This, on the other hand, really is a good basic introduction. I don't think there's much there I didn't know when I was studying the migration age, but it's a good reminder. I find myself looking for something more up to date and in depth, though.
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23. The Restoration of Rome: Barbarian popes and imperial pretenders by Peter Heather.

Got this from the library because I wasn't sure about it. I needn't have worried - it's very good indeed and the fact that it's taken me nearly two months to read says more about my state of mind recently than about the book.

Heather, who has written a lot about the aftermath of Rome, examines here three "pretenders" who attempted to resurrect the Roman Empire in the West - Theoderic, Justinian and Charlemagne. I have an intellectual blind spot for all things Carolingian, but I found the first two sections fascinating. The final section is about how the Church finally took on the power of the Roman empire in the west. Important, but I also have a blind spot for canon law (there's a reason my career was in the early middle ages).

Anyway, I highly recommend this book, and will definitely be looking for his other work. And just about anything on the western European successors peoples to the Romans, and the migration age... my main focus of interest is definitely moving back in time.
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72. Pagan Goddesses in the Early Germanic World: Eostre, Hreda and the Cult of Matrons by Philip A Shaw

Given the subject matter, I expect it was [livejournal.com profile] cavalorn who brought its existence to my attention.

This is a short but extremely dense book. It's about the evidence for the two pagan goddesses mentioned by Bede, Eostre and Hreda, who have mostly been considered by scholars to have been made up by Bede.

But that was before a lot of the evidence of votive offerings throughout northern Europe was compiled.

There is a quick chapter on the archaeological findings and discussing the pitfalls of thinking of anything as "pan-Germanic" in the period, etc. The next chapter is a quick discussion of the linguistic principles - and I was really glad here that this is something I studied at postgrad level. I'd largely forgotten about i-mutation, Second Fronting, Grimm's Law etc, but it would have been a lot harder to follow the actual content if this was the first exposure I'd had.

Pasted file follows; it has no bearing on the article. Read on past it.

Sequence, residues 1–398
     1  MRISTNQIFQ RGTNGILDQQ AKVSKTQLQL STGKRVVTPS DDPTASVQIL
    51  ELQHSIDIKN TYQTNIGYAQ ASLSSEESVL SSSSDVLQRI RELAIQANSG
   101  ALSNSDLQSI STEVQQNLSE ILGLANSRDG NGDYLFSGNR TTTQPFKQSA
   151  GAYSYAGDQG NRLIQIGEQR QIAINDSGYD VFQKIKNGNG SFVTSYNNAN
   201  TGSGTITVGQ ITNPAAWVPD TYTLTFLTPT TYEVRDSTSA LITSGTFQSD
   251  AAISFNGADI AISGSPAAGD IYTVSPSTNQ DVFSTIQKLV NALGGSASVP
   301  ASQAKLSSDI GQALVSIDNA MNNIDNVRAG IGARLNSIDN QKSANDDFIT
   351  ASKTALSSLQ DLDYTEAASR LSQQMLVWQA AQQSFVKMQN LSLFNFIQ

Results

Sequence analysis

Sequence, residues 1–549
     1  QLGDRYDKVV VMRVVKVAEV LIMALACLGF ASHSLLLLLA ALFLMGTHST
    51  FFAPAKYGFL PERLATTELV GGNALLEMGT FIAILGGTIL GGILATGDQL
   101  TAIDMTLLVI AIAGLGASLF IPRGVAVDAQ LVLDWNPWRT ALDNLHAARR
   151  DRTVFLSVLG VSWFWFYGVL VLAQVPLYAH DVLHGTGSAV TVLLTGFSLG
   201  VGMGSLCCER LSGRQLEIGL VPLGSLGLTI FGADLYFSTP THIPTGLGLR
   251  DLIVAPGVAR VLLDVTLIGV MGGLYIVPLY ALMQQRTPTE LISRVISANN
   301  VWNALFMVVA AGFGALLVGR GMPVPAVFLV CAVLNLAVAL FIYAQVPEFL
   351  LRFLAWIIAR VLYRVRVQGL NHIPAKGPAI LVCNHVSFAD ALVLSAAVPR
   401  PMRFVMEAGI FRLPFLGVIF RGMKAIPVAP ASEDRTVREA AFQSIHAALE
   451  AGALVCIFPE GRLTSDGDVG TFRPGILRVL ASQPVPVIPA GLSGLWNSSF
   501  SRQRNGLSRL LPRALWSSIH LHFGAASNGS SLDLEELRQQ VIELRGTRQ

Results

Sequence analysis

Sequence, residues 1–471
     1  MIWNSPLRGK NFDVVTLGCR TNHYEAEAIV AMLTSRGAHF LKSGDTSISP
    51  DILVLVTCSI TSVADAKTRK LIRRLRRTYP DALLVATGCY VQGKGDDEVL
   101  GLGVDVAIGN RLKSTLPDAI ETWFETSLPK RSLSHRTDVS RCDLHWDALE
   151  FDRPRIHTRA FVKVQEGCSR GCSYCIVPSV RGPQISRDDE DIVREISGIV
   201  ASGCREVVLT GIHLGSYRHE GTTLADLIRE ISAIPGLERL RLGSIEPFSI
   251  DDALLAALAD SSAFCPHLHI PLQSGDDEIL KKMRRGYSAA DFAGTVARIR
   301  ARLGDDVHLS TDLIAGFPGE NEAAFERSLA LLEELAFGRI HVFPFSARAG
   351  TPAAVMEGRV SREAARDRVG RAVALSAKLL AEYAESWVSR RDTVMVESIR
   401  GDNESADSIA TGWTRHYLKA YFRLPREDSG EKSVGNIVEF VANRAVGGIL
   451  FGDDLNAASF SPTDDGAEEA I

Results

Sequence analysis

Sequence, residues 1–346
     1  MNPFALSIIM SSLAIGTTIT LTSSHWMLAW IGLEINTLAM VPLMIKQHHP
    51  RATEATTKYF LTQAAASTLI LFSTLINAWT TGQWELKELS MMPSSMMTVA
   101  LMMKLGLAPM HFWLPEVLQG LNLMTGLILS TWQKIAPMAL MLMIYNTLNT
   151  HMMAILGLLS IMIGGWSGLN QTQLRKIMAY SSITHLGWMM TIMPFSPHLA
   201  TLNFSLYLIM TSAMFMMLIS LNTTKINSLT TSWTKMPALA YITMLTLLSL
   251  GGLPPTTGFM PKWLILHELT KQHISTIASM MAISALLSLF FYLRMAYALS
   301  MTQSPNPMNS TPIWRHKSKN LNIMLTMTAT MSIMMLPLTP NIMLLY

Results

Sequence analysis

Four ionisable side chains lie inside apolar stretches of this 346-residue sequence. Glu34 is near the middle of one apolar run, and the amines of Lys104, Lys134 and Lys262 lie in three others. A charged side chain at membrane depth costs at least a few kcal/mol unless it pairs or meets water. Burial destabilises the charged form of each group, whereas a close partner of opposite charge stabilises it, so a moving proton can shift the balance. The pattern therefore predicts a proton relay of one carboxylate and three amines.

The rest is really technical linguistic stuff about what may and may not be evidence of - well, anything. There's lots of attempted reconstruction of lost language, eg proto-Germanic. The verdict is that there is some evidence that some people in some parts of the Germanic world had some kind of religious affiliation to goddesses with these names, but that's about all that can be proved. And that we should think of most Germanic deities in terms of the social groups who worshipped them rather than function. And that early Christian Anglo-Saxons had a more complex attitude towards the pre-Christian past than they have previously been given credit for.

Even a couple of years ago I would have been too brain fogged to be able to follow this. However, the linguistics stuff came right back to me even though I abandoned this field of study in 1993. I'd almost forgotten that I used to be the kind of nerd who worked on reconstructing lost languages (usually early Northumbrian dialect of Anglo-Saxon).
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49. The War on Heresy: Faith and Power in Medieval Europe by RI Moore

Or, why everything that's been written about heresy in the high middle ages for the last century is Not Quite Right as a result of too much taking the sources at face value without questioning ulterior motives.

A really good examination of how secular and church institutions were taking a lot more control of people's lives in the 11th and 12th centuries, the insecurities and anxieties these created in the institutions and the people, and how this led to accusations of heresy.

I wasn't sure I was going to agree with this, so I got it from the library, but a couple of chapters in it was clear that this book is spot on, so I bought my own copy. I have made notes but will want to re-read and refer to bits of it.

When I was a medievalist I did some work on the Cathar heresy, and I've spent a fair amount of time in its supposed heartland, the Languedoc. I liked the idea of heresy because I liked the idea of there being an alternative to what is often presented (wrongly) at undergrad level as a monolithic "medieval mindset". At the same time, a lot of it struck me as so obviously the precursor of the witch hunts of the 16th and 17th centuries (a period when the Church, Catholic or Protestant, was sticking its nose even more firmly in everyone's business, but there's a whole essay in that) and very dubious in that the Church seemed to need heresy to promote itself and create an enemy.

Keeping people scared and compliant - the Powers That Be have been doing it for a very, very long time.

This book was a somewhat harder going than I expected (they sell it in Waterstones, I was expecting more popular history than academic history and I was wrong), but entirely worth it. The author has written a few books on the development of medieval society and I definitely want to read them now.